At the finality of the Matignon Agreements, the Nouméa Accord was signed on 5 May 1998, enabling a further 20-year period of transition prior to votes on sovereignty in 2018. It aimed to address long-running tensions between the Kanak and the French government. The Accord promised to give increased political power to Indigenous people. However, following three referendums to determine whether New Caledonia would remain part of France or become its own country, independence from France was rejected in all. The result was that France continued to control New Caledonia’s military, immigration, foreign policy, economy and elections.

In December 2021, France held the final of three independence referendums in accordance with the Noumea Accord. The Kanak communities were suffering from Covid deaths in their communities, and despite their protestations and eventual boycott of the referendum, it went ahead. This resulted in 3.5 per cent of pro-independence votes, significantly less than the 43.3 per cent and 46.7 per cent in the first two referendums.

Forty years ago, New Caledonia was also the hub of violent protests when the pro-independence Kanak and Socialist National Liberation Front (Front de libération nationale kanak et socialiste, or FLNKS) boycotted an election and set town halls alight. Four years of civil war followed from 1984.

Australia had initially supported the Kanak independence movement but by 19 November 1984, then Foreign Minister Bill Hayden asserted that violent uprisings would result in Australia losing ‘immense sympathy’ with the Kanaks.

Fisher recalls her time in New Caledonia between 2001 to 2004 as a time of optimism, which may since have been tempered by the way the agreements within the Noumea Accord played out.

“I was there in the first mandate of the 5-year congress and it was fabulous then. There was a collegial government, or the cabinet of the local government. There were members of the cabinet from the loyalist side and independent side, as there are today, and at that time, loyalists outnumbered Kanaks. There was a loyalist president and a Kanak vice president, and they attended functions and official events side by side. The [Noumea Accord] agreements worked well for 30 years, but then the final of three independence referendums ended that. In the first two, the French organised the referendums in a very impartial way in 2018 and 2020,” she says.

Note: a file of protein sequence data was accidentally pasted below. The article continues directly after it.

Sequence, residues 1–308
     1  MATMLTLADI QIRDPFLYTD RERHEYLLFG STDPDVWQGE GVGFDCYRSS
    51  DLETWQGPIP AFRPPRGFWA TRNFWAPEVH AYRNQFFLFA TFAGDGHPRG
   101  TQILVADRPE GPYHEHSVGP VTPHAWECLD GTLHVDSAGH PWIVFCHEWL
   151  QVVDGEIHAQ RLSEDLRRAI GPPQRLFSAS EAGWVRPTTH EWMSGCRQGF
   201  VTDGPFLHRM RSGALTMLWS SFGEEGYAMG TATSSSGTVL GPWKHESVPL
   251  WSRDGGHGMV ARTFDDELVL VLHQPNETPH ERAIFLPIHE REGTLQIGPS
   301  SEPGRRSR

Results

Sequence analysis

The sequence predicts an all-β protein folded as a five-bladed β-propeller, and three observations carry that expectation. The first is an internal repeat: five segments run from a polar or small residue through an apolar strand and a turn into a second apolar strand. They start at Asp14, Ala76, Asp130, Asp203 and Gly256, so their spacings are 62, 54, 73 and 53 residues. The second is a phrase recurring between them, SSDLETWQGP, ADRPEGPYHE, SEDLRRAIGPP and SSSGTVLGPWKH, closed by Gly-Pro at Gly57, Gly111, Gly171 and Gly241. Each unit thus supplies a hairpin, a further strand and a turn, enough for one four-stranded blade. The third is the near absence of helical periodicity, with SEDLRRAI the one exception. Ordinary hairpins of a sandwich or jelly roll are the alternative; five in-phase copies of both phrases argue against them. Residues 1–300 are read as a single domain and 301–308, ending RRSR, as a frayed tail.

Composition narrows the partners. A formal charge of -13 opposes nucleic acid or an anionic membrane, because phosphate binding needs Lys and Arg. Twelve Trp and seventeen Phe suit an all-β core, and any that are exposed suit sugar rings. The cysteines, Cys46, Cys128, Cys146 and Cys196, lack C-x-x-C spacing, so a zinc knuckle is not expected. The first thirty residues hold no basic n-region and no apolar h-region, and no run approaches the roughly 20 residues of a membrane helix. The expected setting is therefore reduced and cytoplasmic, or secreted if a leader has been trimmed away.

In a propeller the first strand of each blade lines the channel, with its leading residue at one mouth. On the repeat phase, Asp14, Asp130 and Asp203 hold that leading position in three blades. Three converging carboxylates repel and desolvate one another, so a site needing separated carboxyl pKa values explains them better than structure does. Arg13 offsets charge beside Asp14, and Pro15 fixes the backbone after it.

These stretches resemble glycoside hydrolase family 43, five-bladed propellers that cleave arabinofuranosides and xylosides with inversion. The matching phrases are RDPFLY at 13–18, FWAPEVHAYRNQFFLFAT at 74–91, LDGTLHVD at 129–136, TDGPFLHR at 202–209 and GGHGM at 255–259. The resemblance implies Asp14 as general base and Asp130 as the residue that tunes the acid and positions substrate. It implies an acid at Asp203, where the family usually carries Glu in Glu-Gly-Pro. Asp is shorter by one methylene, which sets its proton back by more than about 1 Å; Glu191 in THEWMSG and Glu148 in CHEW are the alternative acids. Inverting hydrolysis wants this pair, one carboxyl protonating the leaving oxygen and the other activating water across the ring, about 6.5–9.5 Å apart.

“But in 2021, it was not impartial. Even during the campaigning, there were publications put out by the French state patently siding with loyalists. When they set the date, it was the height of Covid, and the main impact of the deaths was in the Kanak community. There were 300 deaths and even for one death in the Kanak community, there are lengthy mourning rituals. So, they asked to delay but the Defence Minister Sébastien Lecornu went ahead with the vote and since then, Kanak have rejected the vote and want another.”

Fisher says the protestors are largely the young Kanak, who have been squeezed out of the education system and the economy, which is modelled on the French system.

“The Noumea Accord was remarkably successful, going swimmingly, but the young Kanaks were kept out of the economy, and they dropped out of the very strict French system of schooling, which often required them to travel far from home to live in boarding schools, so there’s been a building resentment and frustration amongst Kanak youths. Kanak leaders called for an end to violence after two days but the youth kept going. The French have sent 2000 reinforcements to the 500 normally there, but the violence just keeps going.”

On 23 May, Macron met with the pro-independence President of the Government of New Caledonia Louis Mapou and the President of Congress Roch Wamytan in Noumea.

Fears of a ‘domino effect’

Fisher says that “French Polynesia, historically, has always wanted what New Caledonia has got. They got a special statute in 2004, and they have a lot of the autonomies New Caledonia has got, but not all of them.”

“The Noumea Accord was remarkable in the number of changes the French state made to give more autonomy to New Caledonia. They changed the French constitution to provide for the voter eligibility provision in 1998. Then 22 French parliamentarians from overseas territories wrote to the President and said, ‘you need to withdraw this legislation for peace to be re-established’, and a number of independence leaders from French overseas territories said the same thing,” she says.

“What will be important for governance, and the institutions in New Caledonia will be what happens now and what they define for their future. Certainly, what happens in New Caledonia will have an effect on the other territories France has as possessions.”